With a sensor-based system the sensor readings and the inferences you make from them are likely to be incomplete and often innacurate. A speciofication that labelled each step with an unambiguous On/Off for the lights would not be realisable and furthermore would mean we wouldn't have any sense of the relative costs of different errors.

At this stage we caouild move on to another scenarion - perhaps someone arriving home form shopping and unloading the car. We can nthen either take these labelled scenarios forward to the next stage, or make a more complete task description using a HTA or something similar and usen the scenarios as a guide to label the lowest level tasks in the task hierarchy.

Stage 3 - model the system

Of course the system can't know exactly what people are doing, but can make some guess at to the current state of the car+people system.

This state transition network shows oem of the main states of the car_people system (a fuller description might distinguish passengers and driver in the car, or people approaching the car, but then it wouldn't fit easily in the web page!).

Given this picture we can label the transitions with times and transition probabilities. We can use the scenarios and task descriptions to guide us here e.g. there is greater likelihood that if you have just opened and closed the car door yuou got into it rather than just did it an went away again. Note to do this we may want to distinguish the states when people are in the car after finishing a joutney from the ones before the journey starts, or have transitions whose probabilities depend on history.

Stage 4 - design the effects

Taking this probabilistic STN we can then:

  1. Look at the STN against the scenarios/task description marking which states correspond to which tasks staeps and use this to label the STN with +'s and –'s. These tell us for each state what we want the light to do. Note that there may be differing and even conflicting requirements for the same state of the car as a single state of the car+people system may occur in different tasks, or in the same task at different steps, and these may have differing lighting requirements.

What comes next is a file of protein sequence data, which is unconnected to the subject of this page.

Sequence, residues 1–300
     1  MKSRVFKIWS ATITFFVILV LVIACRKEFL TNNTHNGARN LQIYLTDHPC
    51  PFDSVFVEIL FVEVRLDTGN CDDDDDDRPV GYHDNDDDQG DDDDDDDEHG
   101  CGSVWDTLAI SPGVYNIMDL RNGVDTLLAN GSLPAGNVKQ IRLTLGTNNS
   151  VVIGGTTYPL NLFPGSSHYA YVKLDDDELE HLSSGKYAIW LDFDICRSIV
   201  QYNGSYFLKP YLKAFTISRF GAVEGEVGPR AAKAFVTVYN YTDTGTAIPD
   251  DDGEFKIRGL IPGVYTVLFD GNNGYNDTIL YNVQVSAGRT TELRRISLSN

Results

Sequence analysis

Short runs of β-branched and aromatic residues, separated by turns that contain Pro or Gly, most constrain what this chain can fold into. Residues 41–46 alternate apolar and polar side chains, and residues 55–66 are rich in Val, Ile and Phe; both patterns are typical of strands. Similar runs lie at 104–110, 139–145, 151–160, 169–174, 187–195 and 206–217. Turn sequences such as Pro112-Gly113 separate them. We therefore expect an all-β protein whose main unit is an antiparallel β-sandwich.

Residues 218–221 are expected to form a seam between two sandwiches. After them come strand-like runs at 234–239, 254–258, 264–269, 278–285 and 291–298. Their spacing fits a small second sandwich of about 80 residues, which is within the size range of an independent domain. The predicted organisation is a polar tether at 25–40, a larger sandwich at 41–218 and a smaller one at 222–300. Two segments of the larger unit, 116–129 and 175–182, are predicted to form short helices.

2. Look at the STN in relation to the available sensors and their accuracies and use this to assess how well we are likely to be able to predict the state of the car+people system. The grey lines on the diagram show the states detectable from the door and ignition sensors. However, the presence of the timer, the known transition probabilities an possibly some history can give us more knowledge than the raw sensor input.

Note both (1) and (2) may make us re-evaluate the STN and perhaps add extra states to clarify it.

We can now put these together to work out what the light should do in each detectable satte of the car. The combination of the different tasks corresponding to a single state noted above and also the uncertainty about what the actual state of the car+people system is means that for any detectable state we have a probabilty of each car+people state and potentially several labellings of those states.

Where there are many +'s or –'s for a state we need to ensure that the light is definitely as required (e.g. 80% +, 20% ––––– would still mean we would keep the light off). If there is a clear 'winner' for a detectable state then we know what to do (e.g. if we have +++ 20%, – 40%, ++ 40% then clearly the +'s win). If we cannot be sure enough because of uncertainties then we may have to introduce additional explicit controls. This is also the case if a single state has strong conflicting requirements (both ++++ and ––––), for example, if lost your passenger may explicitly turn on the light to read the map (+++) whilst driving (–––––).

 

Alan Dix © 2004/2006